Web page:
The apotheosis of Hēraklēs on Olympus and the mythological origins of the Olympics
|July 12, 2019||Posted By Gregory Nagy listed under By Gregory Nagy, H24H||
2019.07.12 | By Gregory Nagy
§0. As I indicated in the previous posting, in Classical Inquiries 2019.07.06 (at II-G5), the aim of the brief follow-up essay that I offer here in the present posting, 2019.07.12, is to connect a myth about the apotheosis of Hēraklēs on Mount Olympus with a myth that credits this same hero with the original founding of the Olympics.
Part I: The apotheosis
I§1. At II-G5 of the previous posting, Classical Inquiries 2019.07.06, I referred to the myth about the apotheosis of the hero Hēraklēs on Mount Olympus, citing my book The Ancient Greek Hero in 24 hours (hereafter abbreviated H24H), Nagy 2013 Hour 1§§46–47, where I offer a paraphrase and a brief commentary. For my paraphrase, I used the sequential narrative provided by Diodorus of Sicily, who flourished in the first century BCE. From the sequencing of this narrative, we can see clearly that the apotheōsis—the Greek word for which means ‘being transformed [from human] to god’—is preceded by a most painful death, where the hero is burned alive over the flames of his own funeral pyre. Thus the transformation of Hēraklēs into a theos or ‘god’ is a process of immortalization, and, by using this word, I mean simply that the mortal as mortal is required to die first—and die most painfully—before he can become immortal like a god. Artists in the era of the Renaissance and beyond, which was a time when the ancient Greek myth of the hero’s immortalization was becoming a familiar theme, were evidently aware of a mythological need to visualize such a requirement of death-before-apotheosis, as we see in the illustrations that I have chosen to lead off my essay.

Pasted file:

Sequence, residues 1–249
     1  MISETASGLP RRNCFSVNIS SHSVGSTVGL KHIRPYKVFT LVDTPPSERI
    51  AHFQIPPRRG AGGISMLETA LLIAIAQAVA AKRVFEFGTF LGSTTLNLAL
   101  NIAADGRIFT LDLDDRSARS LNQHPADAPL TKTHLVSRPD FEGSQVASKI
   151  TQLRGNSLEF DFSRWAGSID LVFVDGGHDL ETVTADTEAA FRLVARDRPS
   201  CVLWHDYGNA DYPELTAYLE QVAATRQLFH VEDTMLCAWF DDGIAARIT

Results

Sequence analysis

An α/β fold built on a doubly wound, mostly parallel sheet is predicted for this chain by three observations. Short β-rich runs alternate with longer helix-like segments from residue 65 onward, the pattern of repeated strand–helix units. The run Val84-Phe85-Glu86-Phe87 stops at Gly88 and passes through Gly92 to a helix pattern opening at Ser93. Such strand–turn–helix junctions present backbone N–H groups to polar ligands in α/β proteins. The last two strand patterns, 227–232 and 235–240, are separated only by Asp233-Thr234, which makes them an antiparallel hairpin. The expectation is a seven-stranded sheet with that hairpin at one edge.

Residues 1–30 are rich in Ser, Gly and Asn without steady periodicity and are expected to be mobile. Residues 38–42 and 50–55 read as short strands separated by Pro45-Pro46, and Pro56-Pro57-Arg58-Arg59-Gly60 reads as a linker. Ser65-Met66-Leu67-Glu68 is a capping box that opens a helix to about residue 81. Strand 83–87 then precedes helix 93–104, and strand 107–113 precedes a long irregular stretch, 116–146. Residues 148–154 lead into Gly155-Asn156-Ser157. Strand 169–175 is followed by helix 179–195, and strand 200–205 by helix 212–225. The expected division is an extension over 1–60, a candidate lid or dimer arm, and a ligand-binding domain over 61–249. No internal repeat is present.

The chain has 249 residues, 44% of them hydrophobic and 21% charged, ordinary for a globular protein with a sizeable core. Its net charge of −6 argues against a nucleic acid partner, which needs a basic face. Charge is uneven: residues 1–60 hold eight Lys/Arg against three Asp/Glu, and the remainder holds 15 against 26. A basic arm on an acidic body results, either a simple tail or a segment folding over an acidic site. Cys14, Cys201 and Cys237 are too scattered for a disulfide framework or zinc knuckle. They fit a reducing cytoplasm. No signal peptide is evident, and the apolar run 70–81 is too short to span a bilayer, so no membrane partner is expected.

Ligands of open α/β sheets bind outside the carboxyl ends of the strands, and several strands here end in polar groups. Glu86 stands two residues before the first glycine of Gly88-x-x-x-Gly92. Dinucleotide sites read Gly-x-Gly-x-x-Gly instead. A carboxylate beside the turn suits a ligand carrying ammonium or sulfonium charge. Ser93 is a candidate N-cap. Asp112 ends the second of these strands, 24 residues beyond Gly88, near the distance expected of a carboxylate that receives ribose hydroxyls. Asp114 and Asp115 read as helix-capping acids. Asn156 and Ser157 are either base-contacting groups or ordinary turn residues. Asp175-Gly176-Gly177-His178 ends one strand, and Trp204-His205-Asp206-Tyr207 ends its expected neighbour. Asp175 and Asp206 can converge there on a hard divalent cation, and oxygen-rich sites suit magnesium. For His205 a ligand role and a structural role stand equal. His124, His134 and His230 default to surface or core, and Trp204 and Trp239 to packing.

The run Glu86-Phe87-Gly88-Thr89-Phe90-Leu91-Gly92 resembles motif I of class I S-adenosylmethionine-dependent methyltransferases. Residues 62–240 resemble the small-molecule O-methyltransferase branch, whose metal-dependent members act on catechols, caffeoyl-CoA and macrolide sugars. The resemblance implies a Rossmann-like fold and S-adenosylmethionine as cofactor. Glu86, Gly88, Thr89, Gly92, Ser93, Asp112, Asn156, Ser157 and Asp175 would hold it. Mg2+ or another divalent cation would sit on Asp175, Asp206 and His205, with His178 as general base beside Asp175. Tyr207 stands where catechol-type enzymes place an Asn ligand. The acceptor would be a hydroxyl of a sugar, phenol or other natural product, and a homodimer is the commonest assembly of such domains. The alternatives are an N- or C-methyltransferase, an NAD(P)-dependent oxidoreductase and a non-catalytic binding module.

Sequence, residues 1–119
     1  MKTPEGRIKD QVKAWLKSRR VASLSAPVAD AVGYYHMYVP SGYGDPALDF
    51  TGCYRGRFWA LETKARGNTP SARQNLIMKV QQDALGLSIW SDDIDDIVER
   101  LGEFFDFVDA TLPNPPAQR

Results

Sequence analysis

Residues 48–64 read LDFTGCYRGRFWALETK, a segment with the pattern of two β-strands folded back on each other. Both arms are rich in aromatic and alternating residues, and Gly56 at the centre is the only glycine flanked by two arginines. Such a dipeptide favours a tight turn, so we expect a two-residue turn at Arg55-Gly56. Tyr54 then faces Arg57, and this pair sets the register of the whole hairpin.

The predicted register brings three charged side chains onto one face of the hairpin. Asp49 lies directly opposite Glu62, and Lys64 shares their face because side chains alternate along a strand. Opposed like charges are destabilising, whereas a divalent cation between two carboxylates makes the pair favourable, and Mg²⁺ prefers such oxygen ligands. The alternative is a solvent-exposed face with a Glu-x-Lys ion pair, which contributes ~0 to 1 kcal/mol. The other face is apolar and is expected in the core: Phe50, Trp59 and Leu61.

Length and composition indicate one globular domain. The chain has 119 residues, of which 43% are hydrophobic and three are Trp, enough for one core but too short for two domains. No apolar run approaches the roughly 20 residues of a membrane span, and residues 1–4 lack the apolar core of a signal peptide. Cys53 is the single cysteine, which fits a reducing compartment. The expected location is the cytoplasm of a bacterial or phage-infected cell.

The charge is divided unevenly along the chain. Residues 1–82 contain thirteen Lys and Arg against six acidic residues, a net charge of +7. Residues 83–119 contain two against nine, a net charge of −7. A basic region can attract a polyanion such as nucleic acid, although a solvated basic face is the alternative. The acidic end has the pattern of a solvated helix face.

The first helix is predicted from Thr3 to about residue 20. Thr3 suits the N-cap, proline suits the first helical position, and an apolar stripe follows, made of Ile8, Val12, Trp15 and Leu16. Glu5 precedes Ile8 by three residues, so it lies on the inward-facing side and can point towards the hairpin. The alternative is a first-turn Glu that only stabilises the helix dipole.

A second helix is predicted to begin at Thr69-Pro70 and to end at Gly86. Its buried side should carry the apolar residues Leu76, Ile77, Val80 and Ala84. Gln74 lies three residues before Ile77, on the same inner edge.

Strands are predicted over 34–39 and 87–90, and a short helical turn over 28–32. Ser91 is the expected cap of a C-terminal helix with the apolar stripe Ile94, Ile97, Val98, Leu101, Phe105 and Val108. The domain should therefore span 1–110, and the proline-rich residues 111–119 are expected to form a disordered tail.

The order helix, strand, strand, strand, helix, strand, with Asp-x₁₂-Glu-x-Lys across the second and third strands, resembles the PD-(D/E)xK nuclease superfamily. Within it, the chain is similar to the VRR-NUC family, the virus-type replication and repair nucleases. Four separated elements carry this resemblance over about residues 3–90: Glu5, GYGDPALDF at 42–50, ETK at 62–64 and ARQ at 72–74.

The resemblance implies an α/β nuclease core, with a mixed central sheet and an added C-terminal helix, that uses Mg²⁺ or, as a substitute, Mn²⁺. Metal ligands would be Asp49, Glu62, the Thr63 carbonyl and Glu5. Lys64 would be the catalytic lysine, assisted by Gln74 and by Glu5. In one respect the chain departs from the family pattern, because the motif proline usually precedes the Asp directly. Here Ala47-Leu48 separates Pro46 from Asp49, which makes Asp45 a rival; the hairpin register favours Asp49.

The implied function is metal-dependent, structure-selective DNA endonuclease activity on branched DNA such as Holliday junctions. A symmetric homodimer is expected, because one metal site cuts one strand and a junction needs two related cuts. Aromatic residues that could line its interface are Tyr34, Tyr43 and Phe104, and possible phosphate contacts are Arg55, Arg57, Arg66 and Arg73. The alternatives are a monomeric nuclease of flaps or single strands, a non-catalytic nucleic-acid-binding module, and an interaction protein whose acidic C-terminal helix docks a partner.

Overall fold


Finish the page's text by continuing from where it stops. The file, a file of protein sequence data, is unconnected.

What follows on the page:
I§2. What follows is an epitomized retelling of the myth. In the logic, as it were, of this myth, there is clearly a need to tell about the death of Hēraklēs first of all, and only then about his subsequent apotheosis. The retelling comes from my paraphrase in H24H 1§46, where I follow closely the narration of Diodorus (4.38.1–4.39.3):